September 1 (Mon.)
PLASTICITY OF THE BRAIN
Masao Ito (Frontier Research Program, RIKEN, Wako, Japan)
Recovery in motor functions from a damage in either peripheral or central nervous systems will occur in three directions. 1. Synaptic plasticity will enable intact brain tissues to acquire lost functions in the manner of learning. 2. Sprouting of axonal terminals will establish new neuronal connections in lesioned brain tissues to restore once lost functions. 3. Intact brain areas will reorganize motor plans to perform once impaired functions with a strategy different from that used by the lesioned tissues. In recent years, roles and mechanisms of the cerebellum in motor !earning have been uncovered. A characteristic type of synaptic plasticity, long-term depression (LTD), is a main process that accounts for learning capabilities of cerebellar tissues. LTD is induced by error signals conveyed by climbing fiber afferents to the cerebellum, and acts to reform neuronal circuits in the cerebellum toward minimization of the errors in movements. LTD is underlaid by complex reactions among receptors and messengers, which eventually lead to reduced agonist sensitivity of glutamate receptors due to phosphorylation. The phosphorylation is coupled with expression of immediate early genes which may lead to more permanent changes of synaptic efficacy. The LTD-based adaptive mechanism seems to serve for formation of a functional model of a motor system within the cerebellum. The model would enable us to perform movements without sensory feedback, or even without conscious attention. The model should be calibrated by daily exercise in order to keep the movement performed by referring to it precise and smooth. These cerebellar mechanisms could be implicated in rehabilitation.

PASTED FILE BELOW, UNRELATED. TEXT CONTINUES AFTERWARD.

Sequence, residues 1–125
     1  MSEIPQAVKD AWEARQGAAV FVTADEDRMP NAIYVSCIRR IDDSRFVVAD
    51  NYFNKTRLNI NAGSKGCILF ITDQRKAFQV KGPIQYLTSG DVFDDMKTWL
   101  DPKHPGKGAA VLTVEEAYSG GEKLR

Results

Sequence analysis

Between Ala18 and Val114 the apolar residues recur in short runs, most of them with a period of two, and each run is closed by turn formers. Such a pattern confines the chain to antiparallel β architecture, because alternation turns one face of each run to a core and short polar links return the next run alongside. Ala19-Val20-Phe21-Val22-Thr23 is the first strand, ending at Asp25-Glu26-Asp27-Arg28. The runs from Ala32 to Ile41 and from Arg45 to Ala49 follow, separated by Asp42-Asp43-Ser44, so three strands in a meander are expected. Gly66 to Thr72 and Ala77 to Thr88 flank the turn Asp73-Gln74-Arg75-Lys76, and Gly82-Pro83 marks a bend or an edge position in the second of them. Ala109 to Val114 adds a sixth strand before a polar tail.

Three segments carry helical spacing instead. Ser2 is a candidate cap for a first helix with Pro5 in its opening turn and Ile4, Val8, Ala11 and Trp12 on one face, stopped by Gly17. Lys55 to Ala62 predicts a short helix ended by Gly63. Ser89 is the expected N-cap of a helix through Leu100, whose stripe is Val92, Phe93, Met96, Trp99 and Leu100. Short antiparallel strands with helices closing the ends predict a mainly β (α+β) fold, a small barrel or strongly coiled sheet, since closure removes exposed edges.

INTERNATIONAL REIHABILITATION MEDICINE: COORDINATION AND COOPERATION
Martin Grabois (Baylor College of Medicine, Houston, Texas USA)
This presentation will address the historical basis for increased interaction of international rehabilitation medicine organizations including coordination of meetings, joint meetings and interlocking boards. The rationale for the eventual merge of the International Rehabilitation Medicine Association (IRMA) and the International Federation of Physical Medicine and Rehabilitation (IFPMR) into the International Society of Physical and Rehabilitation Medicine (ISPRM) will be presented.
It has become obvious with the significant issue facing international rehabilitation, a well organized, well financed and action oriented approach is needed. No single organization has the resources to accomplish this task.
By establishing the ISPRM, it is hoped and expected that we will have a more coordinated and cooperative approach to medical rehabilitation worldwide. This will be needed to increase interaction with the Rehabilitation International Medical Commission (RIMC) and perhaps in the future, to establish the ISPRM as the RIMC.